Ways of seeing

The metaphors offer ‘ways of seeing’ in a way echoing the earlier influential book on images of organization by Gareth Morgan. The metaphors are of interest, as understanding leadership from various perspectives.

The conceptual framework

Leadership researchers will also find interest in its conceptual framework offered by editors Alvesson and Spicer. The framework proposes that perspectives of leadership differ within three inter-related domains, that of leaders, followers, and researchers/observers. It offers understanding into the nature of the ambiguities of leadership including its multitude of definitions. It is through their mutual creation of their organizational realities that images of organization and develop.

The framework from a critical perspective

One innovative aspect of the book for many managers will be its linking with a critical theoretical perspective. The editors seek to avoid “the uncritical celebration of leadership [and] to heroic individual” [p2]. Critical theory is itself a complex set of philosophic ideas. As a starting point consistent with this book, we might refer to an earlier work Professor Alvesson (together with another distinguished critical theorist):

“The capacity of human beings to reflect and think critically makes it possible to question and challenge mainstream management theory and practice (Alvesson & Wilmott 1996: 40)”.

This perspective is influential among researchers of leadership although one that is less familiar with many managers, who take for granted what is broadly a rational economic model of human behaviour. This derive from the classical approach to management (managerialism), which feeds into and draws on managerial ideas and actions. From it, we have the metaphor of the leader as commander, experienced in the means of command and control, and acting under conditions of rationality, and drawing on rational expectations to explain and understand human behaviours.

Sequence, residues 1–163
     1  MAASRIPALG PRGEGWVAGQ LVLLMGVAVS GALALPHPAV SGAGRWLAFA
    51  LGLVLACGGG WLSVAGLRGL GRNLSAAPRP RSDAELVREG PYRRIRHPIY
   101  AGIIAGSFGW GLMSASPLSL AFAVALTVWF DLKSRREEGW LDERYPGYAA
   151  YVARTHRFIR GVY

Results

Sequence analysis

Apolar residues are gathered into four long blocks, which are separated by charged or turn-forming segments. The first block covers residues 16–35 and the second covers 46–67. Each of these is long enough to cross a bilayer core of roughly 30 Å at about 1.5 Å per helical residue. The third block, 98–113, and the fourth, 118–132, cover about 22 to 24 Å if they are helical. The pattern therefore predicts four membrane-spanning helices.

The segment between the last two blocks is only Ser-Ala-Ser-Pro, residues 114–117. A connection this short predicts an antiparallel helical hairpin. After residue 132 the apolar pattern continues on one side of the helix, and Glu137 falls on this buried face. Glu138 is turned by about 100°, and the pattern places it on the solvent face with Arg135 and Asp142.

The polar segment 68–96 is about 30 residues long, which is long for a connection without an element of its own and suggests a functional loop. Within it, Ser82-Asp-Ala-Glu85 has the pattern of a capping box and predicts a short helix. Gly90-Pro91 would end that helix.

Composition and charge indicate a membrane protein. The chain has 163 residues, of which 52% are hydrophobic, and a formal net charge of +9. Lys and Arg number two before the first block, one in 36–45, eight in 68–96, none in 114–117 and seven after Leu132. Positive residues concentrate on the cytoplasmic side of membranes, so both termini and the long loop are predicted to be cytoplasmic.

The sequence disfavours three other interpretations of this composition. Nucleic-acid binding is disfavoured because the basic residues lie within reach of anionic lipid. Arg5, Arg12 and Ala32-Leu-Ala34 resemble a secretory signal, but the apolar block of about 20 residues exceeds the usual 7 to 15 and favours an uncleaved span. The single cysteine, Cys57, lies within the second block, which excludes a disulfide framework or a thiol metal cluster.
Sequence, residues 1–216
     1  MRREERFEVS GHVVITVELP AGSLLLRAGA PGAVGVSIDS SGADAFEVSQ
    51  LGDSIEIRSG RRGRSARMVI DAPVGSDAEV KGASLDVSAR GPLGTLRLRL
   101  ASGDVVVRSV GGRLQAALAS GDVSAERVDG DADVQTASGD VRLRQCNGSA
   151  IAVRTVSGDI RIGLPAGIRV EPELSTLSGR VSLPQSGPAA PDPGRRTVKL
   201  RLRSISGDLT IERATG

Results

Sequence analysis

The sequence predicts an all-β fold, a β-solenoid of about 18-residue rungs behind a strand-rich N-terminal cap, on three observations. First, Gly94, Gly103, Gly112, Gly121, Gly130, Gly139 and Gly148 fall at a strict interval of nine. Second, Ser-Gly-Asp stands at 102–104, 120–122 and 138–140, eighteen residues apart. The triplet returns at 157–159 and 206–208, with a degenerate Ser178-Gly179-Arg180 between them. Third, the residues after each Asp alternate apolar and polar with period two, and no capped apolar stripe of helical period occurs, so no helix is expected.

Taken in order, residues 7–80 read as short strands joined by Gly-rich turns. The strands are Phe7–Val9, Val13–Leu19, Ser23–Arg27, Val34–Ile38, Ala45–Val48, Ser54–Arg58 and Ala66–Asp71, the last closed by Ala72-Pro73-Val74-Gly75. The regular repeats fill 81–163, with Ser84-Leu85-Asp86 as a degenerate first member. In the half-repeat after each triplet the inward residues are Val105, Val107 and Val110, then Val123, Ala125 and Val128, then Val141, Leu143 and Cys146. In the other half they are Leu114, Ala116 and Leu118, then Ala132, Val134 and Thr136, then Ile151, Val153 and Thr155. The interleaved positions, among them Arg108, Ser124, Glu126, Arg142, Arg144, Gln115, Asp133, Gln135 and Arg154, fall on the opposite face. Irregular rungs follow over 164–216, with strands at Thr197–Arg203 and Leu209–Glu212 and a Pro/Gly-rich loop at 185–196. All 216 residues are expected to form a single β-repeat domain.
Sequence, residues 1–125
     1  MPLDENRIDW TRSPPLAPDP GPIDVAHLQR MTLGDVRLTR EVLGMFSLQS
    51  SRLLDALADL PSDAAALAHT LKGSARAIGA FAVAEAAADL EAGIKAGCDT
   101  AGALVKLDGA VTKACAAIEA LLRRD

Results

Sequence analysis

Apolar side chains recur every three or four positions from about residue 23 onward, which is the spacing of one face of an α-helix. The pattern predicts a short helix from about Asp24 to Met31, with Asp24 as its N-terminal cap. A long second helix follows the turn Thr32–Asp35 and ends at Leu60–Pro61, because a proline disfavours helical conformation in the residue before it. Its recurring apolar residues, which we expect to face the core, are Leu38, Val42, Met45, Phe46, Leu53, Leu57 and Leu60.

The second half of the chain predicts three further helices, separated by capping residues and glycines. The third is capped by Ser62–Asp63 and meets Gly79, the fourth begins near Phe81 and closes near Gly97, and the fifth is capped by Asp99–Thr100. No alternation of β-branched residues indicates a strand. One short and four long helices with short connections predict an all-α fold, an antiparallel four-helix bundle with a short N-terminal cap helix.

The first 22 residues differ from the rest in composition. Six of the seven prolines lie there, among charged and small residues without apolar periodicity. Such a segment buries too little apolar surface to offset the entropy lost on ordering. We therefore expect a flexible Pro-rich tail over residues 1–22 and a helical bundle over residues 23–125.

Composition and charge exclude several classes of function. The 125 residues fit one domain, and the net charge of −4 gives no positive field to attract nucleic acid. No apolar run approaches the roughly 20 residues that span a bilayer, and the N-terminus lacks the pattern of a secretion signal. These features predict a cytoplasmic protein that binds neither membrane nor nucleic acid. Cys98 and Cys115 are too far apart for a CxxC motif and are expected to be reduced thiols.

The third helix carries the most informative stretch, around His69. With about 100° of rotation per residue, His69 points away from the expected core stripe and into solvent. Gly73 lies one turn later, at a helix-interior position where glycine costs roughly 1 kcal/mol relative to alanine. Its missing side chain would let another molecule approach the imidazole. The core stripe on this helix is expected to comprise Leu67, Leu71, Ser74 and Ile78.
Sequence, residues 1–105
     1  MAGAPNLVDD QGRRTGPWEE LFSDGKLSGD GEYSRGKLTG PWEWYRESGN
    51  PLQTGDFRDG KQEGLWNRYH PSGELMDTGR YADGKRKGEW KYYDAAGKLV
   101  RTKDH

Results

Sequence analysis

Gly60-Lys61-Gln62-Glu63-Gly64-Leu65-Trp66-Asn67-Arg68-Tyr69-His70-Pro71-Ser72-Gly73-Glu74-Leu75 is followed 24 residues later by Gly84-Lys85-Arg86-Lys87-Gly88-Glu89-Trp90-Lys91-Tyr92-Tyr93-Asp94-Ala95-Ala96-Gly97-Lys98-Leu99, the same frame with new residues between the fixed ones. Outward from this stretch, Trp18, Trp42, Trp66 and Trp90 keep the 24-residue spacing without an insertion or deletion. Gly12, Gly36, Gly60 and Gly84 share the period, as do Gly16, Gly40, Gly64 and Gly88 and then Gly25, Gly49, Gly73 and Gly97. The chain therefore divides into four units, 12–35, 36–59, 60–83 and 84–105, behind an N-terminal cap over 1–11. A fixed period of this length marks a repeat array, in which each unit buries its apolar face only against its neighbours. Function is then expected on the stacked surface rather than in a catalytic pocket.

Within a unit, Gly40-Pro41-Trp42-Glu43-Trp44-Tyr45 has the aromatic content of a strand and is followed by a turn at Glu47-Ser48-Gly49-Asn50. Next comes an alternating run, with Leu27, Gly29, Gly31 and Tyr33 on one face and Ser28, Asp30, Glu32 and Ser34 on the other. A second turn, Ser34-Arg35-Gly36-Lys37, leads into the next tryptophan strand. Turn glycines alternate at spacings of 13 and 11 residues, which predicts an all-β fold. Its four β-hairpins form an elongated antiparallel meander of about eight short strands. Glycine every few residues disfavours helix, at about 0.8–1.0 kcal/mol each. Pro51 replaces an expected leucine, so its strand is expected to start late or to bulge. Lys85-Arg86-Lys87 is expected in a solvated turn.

The new leadership ideas of the 1980s popularised the management of meaning. Symbolic leadership was offered as an alternative to the strictly managerialist approach. To be sure, symbolic leadership can be seen as retaining aspects of the heroic (and saintly) leader. However, as Alvesson and Spicer point out, the approach is dominated by ‘ a monologic’ view (a leader’s perspective). They proposes a ‘dialogic’ one in which the interplay between leaders and subordinates is more important than how a leader influences the meanings which followers develop of organisational duties and rights.

Bridging the gap

It is a matter of personal regret that I have witnessed ‘paradigm wars’ between colleagues who take a critical perspective and those who take a more traditional functionalist view of business. This book offers promise in helping bridge that gap to some degree. It offers possiblities to leaders and subordinates of considering new ‘ways of seeing’ leadership, particularly in its treatment within Business Schools around the world.

References

Alvesson M., & Spicer, A., (2011) Metaphors we lead by, Oxford: Routledge
Alvesson, M., & Wilmott, H., (1996), Making sense of management, London: Sage
Morgan, G., (1986) Images of organization, Newbury Park, Ca.: Sage